How would it feel to see in new ways? Nick asked us to take a plan sheet of paper, any size. Fill it with shapes of your day — the way your day is and feels. Here’s mine:

ShapesMakeMyDay copy

You can “read” it for yourself, and I have my own story for each line and box and curve and angle. I told about calm, happy, whimsical, social, sad, anxious, all in the day of shapes. Try it. See what your day is. For me, I was able to be thankful for the goodness, and reflective and at peace on the sadness. What a great idea for the classroom to open the mind to another way of seeing and expressing one’s narrative. So many teacher writers have shared the need for diverse pathways to writing [Ralph Fletcher, Georgia Heard, Donald Murray, to name just three], and for whatever we teach, we need those pathways so our students can be thinkers, not just copiers.

We learn by doing, and that is one of the main points Nick shared: let’s not talk about it — let’s start drawing and doing!  Thank’s Nick Sousanis for your time and for inspiring us.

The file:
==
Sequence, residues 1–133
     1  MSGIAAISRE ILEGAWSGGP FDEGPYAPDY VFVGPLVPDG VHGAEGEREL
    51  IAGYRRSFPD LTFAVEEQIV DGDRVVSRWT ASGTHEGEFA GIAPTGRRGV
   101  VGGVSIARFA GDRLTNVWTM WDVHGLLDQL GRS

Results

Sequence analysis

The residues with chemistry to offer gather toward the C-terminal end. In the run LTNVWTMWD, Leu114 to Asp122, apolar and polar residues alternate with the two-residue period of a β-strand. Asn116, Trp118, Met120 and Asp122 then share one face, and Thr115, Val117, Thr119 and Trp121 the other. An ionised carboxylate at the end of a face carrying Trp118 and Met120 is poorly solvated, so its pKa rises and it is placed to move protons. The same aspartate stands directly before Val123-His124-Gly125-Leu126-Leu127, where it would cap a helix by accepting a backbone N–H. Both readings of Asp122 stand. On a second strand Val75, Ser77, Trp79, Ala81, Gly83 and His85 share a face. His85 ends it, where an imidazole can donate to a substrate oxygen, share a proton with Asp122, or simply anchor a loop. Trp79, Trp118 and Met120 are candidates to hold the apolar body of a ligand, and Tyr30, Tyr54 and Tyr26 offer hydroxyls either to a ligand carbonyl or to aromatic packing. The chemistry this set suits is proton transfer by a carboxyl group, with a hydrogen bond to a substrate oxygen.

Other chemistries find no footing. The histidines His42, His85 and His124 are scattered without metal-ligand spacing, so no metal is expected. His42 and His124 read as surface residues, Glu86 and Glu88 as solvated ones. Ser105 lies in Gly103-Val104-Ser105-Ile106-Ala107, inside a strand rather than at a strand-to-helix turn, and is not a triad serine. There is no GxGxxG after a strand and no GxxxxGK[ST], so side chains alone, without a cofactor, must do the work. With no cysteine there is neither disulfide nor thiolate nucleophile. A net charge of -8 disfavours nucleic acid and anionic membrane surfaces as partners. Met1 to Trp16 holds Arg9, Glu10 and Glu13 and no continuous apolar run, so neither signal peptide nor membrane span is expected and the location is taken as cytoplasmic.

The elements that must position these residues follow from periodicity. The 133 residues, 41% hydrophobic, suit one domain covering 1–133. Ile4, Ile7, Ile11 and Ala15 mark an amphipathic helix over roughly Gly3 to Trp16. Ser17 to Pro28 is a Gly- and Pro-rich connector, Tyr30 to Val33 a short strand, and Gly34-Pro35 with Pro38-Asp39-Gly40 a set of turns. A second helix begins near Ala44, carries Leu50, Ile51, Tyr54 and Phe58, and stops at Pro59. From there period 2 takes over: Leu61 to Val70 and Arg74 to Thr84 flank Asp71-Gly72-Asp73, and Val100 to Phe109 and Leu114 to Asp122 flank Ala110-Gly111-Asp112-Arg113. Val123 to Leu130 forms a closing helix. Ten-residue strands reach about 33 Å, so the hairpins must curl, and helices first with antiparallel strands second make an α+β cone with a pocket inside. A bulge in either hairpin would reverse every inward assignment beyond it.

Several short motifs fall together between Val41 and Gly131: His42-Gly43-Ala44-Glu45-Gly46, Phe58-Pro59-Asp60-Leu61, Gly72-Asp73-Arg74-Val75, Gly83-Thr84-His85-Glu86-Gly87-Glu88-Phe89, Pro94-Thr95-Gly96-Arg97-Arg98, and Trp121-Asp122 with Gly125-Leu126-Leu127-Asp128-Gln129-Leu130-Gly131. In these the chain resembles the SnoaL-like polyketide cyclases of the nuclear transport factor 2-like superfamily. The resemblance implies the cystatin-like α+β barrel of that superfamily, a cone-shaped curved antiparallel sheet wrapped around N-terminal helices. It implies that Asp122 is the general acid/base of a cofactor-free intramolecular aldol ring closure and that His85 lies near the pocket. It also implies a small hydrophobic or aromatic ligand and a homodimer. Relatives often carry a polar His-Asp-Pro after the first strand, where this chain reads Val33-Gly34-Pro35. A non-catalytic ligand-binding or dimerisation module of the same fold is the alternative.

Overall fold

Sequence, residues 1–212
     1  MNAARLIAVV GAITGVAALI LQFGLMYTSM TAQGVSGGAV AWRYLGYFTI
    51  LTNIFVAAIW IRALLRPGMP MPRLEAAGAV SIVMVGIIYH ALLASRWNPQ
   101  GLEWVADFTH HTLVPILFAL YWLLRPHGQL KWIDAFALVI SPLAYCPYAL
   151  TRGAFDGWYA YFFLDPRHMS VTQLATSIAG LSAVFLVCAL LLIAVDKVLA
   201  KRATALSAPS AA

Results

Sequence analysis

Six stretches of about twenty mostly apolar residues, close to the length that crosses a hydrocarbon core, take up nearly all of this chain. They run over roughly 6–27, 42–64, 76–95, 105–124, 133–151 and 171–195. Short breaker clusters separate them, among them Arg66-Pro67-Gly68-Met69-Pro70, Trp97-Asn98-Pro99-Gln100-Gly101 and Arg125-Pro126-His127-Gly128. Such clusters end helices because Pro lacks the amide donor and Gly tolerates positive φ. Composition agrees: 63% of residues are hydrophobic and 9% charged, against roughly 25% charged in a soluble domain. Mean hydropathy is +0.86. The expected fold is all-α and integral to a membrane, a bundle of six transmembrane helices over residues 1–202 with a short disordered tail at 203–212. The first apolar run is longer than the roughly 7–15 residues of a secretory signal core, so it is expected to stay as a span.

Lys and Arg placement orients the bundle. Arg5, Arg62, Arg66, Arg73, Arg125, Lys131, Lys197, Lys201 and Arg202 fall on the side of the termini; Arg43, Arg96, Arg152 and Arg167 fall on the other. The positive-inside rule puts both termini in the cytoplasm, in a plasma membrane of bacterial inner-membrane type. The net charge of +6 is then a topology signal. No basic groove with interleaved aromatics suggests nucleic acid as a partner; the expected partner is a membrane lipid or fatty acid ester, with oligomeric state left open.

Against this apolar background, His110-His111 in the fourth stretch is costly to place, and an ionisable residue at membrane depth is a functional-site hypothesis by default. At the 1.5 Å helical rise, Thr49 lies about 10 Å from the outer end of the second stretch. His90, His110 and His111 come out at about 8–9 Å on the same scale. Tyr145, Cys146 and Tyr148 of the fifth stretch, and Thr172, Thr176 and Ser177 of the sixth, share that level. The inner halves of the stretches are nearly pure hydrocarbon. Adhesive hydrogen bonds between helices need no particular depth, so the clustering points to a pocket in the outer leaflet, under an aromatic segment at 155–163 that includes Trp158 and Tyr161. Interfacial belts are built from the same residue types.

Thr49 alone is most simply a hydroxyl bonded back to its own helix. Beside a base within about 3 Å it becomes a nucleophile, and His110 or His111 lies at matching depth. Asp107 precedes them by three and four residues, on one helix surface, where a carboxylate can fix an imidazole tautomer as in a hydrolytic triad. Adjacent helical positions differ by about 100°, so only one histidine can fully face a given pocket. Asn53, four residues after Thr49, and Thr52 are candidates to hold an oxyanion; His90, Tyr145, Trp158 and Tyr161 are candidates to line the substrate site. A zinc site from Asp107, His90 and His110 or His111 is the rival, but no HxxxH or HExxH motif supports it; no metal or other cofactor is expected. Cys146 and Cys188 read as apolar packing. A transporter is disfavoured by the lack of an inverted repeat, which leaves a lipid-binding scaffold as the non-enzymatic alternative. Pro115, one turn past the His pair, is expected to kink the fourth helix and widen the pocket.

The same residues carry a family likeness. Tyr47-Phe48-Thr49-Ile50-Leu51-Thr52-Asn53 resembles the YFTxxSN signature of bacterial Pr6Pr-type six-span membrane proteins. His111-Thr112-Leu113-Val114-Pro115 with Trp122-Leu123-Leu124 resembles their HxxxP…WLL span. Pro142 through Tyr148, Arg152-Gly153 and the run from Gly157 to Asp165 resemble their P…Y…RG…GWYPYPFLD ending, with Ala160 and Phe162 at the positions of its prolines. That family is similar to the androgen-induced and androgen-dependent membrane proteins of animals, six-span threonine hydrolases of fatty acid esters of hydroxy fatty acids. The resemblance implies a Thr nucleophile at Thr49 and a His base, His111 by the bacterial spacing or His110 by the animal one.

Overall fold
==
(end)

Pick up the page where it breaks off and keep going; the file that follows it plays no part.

Want to be inspired? You can be inspired too by watching here and adding your “Spaces of My Day” #dayincomics to this Padlet that Kevin Hodgson started.

The Make with Me with Nick Sousanis is part of the CLmooc , Connected Learning Massive Open Online Collaboration, whose principles brought this group together:  we are networked peers supporting each other in our interests and shared purpose, which powered Anna Smith to invite Nick to share his ideas [academic / production-centered ] so we could create and make and transform.



Connected Learning

Now, go see the world in new ways. Come back and share what you see.




Photo Credits:

Puzzle Doodles 1 and 2: by Sheri